Come To India Prepared

July 25, 2012 India 5 Comments 17,960 Views

If You Want To Travel To India, You’d Better Be Prepared.

It’s the 6th time that we’re travelling through India and I will never ever forget my first two days there. It was only a stopover in Delhi, coming from Australia (must be at least 15 years ago). Back then stopovers often had accommodation included (at least for one night). Airlines used to give away very good deals on hotel rooms to keep their customers at bay. So anyway, we arrived in Delhi and were on our way to a a nice hotel (as far as I remember it was called “Centaur”). We got a beautiful room for almost nothing.

Since I had travelled through Africa many times already, nothing could really bother me any more. I was not particularly excited to see India. Back then I was more focused on Africa.

It was a windy January day and after checking into the hotel, Nisa and I took the free shuttle bus to Connaught Place. From there we hired a Tuk-Tuk. “Where do you want to go?” the driver asked. “Well just drive around for a while. I want to see the real life in India.” I replied.

Tuk Tuks waiting for customers at the train station in New Delhi, India.
Tuk Tuks waiting for customers at the train station in New Delhi, India.

Then the trip started; first of all, I didn’t feel all that comfy in this little 3 wheeler with all the traffic but no risk, no fun. Right and left were big buses and the driver had the nerves like a leading lion between his flock. He seemed to know what he was doing. With his driving skills, he squeezed through the smallest loopholes in this gigantic traffic-mesh. I held Nisa and just thought that if it has to happen, it has to happen. Anyway, it didn’t take long for me to get used to the fact that Tuk-Tuk drivers in India are drive the way they drive.

On the first roundabout with a concrete pedestal in the middle, a bunch of kids – not older than 6 years – were sleeping around a traffic sign post; dirty, filthy, wrapped in rags … this was one of those sights that I will never forget. I looked at Nisa (who was around 10 years old back then) and cold shivers went up and down my spine.

Estimated a quarter of the Indian population live in slum areas and nobody knows exactly how many people there actually are … But one should never forget that there is a very small minority of really (!) wealthy Indians too. Sometimes you’ll read about these in the news papers around the world. For example: “Richest Indian built multimillion dollar skyscraper in Mumbai!” When reading these headlines, I wonder what these “richies” actually think of their fellow citizens?! To build something gigantic like the most expensive home in the world (with a price over 1 billion US$) in a city that has hundreds of thousands of homeless people doesn’t seem appropriate at all! What a douche bag! I wouldn’t feel comfy in my billion dollar home when I saw what was going on right around the next street corner … but that’s just me. Oh and while we’re talking about millionaires … there’s absolutely no such thing as a real “Slumdog Millionaire”. It was a weird example, created by Hollywood screenwriters sitting in their luxury houses while writing such nonsense to just make more money. Some of the child actors still living in slums. Seriously?! Many years ago on a trip through California, we bought a fridge sticker which said “Religion is what keeps the poor from murdering the rich“. If you’ve ever been to India, you’ll know it’s true …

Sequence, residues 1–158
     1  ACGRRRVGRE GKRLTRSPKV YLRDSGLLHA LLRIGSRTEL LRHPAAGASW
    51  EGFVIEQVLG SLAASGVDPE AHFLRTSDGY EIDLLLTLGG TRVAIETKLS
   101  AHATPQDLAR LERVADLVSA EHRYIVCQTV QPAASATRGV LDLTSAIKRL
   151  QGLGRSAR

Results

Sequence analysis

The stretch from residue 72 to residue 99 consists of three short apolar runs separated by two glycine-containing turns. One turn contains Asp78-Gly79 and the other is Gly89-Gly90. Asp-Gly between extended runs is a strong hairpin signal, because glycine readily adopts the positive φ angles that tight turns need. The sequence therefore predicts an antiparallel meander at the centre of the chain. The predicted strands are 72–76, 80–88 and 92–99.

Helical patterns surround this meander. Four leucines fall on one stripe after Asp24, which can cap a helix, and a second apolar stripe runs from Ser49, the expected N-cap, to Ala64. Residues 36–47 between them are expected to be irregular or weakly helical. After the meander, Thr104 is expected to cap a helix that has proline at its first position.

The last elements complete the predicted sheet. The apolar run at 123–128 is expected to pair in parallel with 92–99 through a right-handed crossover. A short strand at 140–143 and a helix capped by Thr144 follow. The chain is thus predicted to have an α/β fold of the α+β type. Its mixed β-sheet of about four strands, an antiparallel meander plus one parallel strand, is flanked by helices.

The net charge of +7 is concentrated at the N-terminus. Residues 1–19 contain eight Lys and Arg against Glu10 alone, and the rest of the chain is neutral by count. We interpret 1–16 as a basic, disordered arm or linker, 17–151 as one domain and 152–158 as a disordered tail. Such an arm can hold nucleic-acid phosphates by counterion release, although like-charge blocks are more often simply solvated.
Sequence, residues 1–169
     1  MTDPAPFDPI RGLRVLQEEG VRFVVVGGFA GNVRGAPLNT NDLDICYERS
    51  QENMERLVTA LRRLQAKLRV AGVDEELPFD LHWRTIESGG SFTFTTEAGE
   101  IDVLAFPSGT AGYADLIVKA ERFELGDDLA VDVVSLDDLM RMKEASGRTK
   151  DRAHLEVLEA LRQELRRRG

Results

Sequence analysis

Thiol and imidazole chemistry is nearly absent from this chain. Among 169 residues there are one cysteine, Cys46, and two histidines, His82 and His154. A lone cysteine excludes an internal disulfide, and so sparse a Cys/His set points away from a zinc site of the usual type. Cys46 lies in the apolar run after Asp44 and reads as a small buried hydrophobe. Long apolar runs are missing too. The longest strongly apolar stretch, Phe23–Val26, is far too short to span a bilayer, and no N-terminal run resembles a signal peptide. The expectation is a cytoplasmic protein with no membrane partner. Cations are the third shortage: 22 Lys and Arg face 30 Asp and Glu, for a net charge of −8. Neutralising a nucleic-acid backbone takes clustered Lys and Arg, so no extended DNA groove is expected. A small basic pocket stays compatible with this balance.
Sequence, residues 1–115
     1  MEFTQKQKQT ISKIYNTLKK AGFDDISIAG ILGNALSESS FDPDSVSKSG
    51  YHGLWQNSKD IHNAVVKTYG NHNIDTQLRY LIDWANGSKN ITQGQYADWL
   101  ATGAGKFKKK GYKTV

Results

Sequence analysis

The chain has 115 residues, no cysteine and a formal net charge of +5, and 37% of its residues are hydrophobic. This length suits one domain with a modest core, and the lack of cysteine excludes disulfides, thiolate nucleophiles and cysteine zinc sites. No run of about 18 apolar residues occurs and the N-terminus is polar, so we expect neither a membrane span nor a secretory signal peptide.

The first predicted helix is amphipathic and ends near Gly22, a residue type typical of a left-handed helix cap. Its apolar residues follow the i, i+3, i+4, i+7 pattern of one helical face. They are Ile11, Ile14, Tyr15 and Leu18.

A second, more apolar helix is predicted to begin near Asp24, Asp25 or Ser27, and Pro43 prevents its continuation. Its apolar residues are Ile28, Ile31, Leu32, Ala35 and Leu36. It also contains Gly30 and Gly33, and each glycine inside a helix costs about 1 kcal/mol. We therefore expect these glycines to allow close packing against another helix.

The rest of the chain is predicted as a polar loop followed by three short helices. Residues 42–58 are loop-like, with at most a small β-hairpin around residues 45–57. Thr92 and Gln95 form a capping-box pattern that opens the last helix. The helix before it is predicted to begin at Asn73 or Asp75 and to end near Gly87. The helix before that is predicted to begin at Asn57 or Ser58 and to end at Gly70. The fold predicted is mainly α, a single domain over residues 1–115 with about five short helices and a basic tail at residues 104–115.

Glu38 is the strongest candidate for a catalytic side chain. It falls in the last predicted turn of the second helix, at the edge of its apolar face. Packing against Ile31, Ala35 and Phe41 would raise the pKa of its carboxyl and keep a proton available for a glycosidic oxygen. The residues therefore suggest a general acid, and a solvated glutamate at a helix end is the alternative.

The next "Slumdog Millionaires"? If it's up to Hollywood, yes.
The next “Slumdog Millionaires”? If it’s up to Hollywood, yes.

Anyway, many years have passed now and we’ve been to India a few times and many very strange sights have crossed our path. For us Westerners, it’s not normal to see people dying in the streets, bodies being transported on roof racks, watching kids sniff glue which they found in the rubbish or even seeing corpses floating by while your eating breakfast – in India this is reality and part of the daily routine.